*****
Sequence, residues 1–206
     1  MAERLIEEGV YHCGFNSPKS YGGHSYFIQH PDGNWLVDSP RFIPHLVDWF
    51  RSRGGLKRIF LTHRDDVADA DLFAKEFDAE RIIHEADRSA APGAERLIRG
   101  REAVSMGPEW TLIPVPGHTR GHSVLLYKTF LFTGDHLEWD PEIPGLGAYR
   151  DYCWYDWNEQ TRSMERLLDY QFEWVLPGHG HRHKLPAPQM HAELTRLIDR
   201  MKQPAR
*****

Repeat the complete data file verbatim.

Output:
Sequence, residues 1–206
     1  MAERLIEEGV YHCGFNSPKS YGGHSYFIQH PDGNWLVDSP RFIPHLVDWF
    51  RSRGGLKRIF LTHRDDVADA DLFAKEFDAE RIIHEADRSA APGAERLIRG
   101  REAVSMGPEW TLIPVPGHTR GHSVLLYKTF LFTGDHLEWD PEIPGLGAYR
   151  DYCWYDWNEQ TRSMERLLDY QFEWVLPGHG HRHKLPAPQM HAELTRLIDR
   201  MKQPAR